Editor’s note: The story below originally ran in 2008 when Kirkwood ski resort was celebrating its 35th anniversary. This past December, the venerable Tahoe resort had a 50th birthday party. Sadly, Kirkwood pioneer Dick Reuter passed away in 2011.
BY JEFFREY WEIDEL
In the unpredictable winter months that shroud this picturesque mountainous valley in seemingly a white layer of fresh paint, it can be a stressful drive to reach Kirkwood Mountain ski resort. And often times it can be even more harrowing trying to depart.
Logistical challenges have always been at the core of this ski resort, which is situated approximately 35 miles from South Lake Tahoe. Many years it gets bombarded with more than 600 inches of snow that tantalizingly coaxes skiers and snowboarders to make the somewhat risky journey to enjoy a glorious powder day on Kirkwood’s challenging slopes.
In the past, many day visits to Kirkwood became extended stays when severe storms piled up snow so fast and so high that outbound roads quickly closed and stranded visitors wound up sleeping on the floor of the former aging ski lodge.
But that is part of the Kirkwood allure – it’s always been more of a no-frills place when compared to many of Tahoe’s more stylish, conveniently located resorts like Heavenly, Northstar and Squaw Valley (now Palisades Tahoe).
No need to remind the Reuter family about the rugged nature of Kirkwood, which celebrated its 35th birthday in early January (2008). A family of six that descended on Kirkwood back in 1972 when the resort’s progress was measured in baby steps, the Reuters were the closest things to pioneers one could find.
“Kirkwood was a small, remote, rustic place and there was nothing to do but ski or sit in our cabin and read,” recalls Carolyn Reuter-Cooper, one of the four Reuter children. “I was only 9 when we moved to Kirkwood. When we first got here, our family camped out at what would become the bottom of Chair 4 at the resort. We moved to Kirkwood from a home he built in Squaw Valley. I think we (the children) all cried. It was a hard lesson for a kid. You had to make your own fun.”
While his children creatively searched for fun and his dutiful wife Jeanne served as bus driver and schoolteacher to a small group of kids, Dick Reuter was literally carving out ski runs on the steep, rugged Kirkwood terrain.
A chainsaw seemingly became an extension of his hand as Reuter cleared trees and brush to create the first four trails at Kirkwood, located on what is now the resort’s backside.
“I always say my husband wasn’t happy unless he had sawdust in his pockets,” laughs Jeanne Reuter, who at age 74 is 11 years younger than her husband, who retired in the early 1990s. “Dick went through a lot of chainsaws. A lot of them are still under our house.”
There were many weeks when Dick Reuter worked sunup to sundown without a day off. An Army engineer during World War II who built air strips, working round the clock at Kirkwood was seemingly no big deal.
That’s because this is one tough man, a guy who wound up creating most of the resort’s trails and even has one named in his honor – Chair 11 at Kirkwood is still called “The Reut.” Reuter also built and building and maintained the ski lifts and supervised the avalanche control with hand charges and a big gun.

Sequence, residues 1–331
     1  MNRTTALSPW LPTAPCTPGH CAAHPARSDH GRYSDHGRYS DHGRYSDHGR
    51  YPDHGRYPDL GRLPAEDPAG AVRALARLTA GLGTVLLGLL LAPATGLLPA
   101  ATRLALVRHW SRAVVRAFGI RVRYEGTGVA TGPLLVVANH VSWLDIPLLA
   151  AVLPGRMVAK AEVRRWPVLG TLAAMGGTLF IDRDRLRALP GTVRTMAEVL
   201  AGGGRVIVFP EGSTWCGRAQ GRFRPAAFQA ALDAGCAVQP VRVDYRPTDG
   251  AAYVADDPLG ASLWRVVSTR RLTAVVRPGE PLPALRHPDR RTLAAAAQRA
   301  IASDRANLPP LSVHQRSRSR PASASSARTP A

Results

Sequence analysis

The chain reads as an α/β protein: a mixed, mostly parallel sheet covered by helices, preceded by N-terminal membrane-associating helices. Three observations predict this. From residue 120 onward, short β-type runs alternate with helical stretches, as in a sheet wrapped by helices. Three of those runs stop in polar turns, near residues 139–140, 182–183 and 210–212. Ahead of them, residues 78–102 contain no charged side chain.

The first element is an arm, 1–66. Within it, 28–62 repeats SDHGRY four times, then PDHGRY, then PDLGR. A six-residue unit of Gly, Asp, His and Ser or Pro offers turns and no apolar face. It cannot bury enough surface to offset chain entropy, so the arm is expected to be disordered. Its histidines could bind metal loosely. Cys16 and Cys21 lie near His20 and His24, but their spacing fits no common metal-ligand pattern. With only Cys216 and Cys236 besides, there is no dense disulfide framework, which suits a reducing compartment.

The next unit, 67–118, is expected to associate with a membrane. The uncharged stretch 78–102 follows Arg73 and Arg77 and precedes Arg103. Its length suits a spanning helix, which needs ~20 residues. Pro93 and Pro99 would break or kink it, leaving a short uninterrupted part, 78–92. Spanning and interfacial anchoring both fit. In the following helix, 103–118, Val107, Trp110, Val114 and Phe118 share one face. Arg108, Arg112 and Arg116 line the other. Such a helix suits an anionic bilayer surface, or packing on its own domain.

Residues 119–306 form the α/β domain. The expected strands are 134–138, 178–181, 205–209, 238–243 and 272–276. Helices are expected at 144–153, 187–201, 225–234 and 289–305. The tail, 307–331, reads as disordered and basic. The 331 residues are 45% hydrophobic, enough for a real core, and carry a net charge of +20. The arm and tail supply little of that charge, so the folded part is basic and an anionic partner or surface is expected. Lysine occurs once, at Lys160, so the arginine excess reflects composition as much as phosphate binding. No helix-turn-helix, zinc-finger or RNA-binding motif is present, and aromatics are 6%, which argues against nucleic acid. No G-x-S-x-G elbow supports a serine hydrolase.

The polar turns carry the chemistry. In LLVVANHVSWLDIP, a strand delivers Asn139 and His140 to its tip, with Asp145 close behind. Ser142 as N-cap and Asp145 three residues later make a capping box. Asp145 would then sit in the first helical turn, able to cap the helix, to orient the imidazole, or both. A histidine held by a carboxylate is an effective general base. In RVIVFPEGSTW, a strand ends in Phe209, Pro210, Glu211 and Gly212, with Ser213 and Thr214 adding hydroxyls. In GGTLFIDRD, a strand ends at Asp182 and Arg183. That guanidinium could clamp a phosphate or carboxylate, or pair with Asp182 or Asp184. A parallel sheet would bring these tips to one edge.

“If you look up the word mountain man in the dictionary the picture next to it is Dick Reuter,” said Tim Cohee, who was Kirkwood’s CEO and general manager for 14 years before stepping down in 2007. “He physically built Kirkwood.”
Of course, Reuter had help in those early years when Kirkwood was struggling to attract skiers to its remote location. One of those people was Dave Myers, who arrived at Kirkwood in 1973, one winter after the resort began running its lifts.
On a break from college one winter, Myers journeyed from Indiana to Lake Tahoe for some skiing with buddies. He was enamored so much with the beauty and majesty of Tahoe that he decided to return and has been at Kirkwood for 34 of the past 35 years.
Myers still recalls his first day on the job. With Reuter naturally in the lead, he and several other men breathlessly hiked through steep snow up the mountain and started cutting down trees and clearing a path for a ski run.
It was the first in a long succession of workdays for Myers, who has performed all kinds of duties over the years and is currently the vice president of mountain operations.
“Dick Reuter was a ‘mountain man’s mountain man’” said Myers, who eventually ran VP Operations for Kirkwood and worked with Reuter for over 30 years. “Dick was a real pioneer and tough as nails.”
The snow is typically fantastic, which is why Kirkwood has always enjoyed not only loyal workers but also loyal customers.
The ski resort’s epic snowstorms transformed the precipitous slopes into some of the best terrain that Tahoe resorts can offer. And even longtime employees like Myers rarely pass up the opportunity to make a few turns.
“I still get around pretty good and manage to ski just about every day. You’ve got to test the product,” Myers said with a laugh.
Some of the locals may miss the old days, but progress was inevitable. Carolyn Reuter-Cooper lives in South Lake Tahoe, but has retained her Kirkwood roots, working as the resort’s retail buying manager. She still sees her parents quite a bit, visiting the same home that housed the Reuters since 1973.
Although Jeanne Reuter believes life would have been a little easier living somewhere else in the Tahoe region, there will be no budging her husband, who she met in 1960 at Squaw Valley and married less than a year later.
“Dick says he’s not moving anywhere. He says they will have to carry him out of here feet first,” Jeanne says. “The truth is, we love it here.”
Jeffrey Weidel owns the Tahoe Ski World website and has written professionally about Tahoe ski resorts for more than 30 years.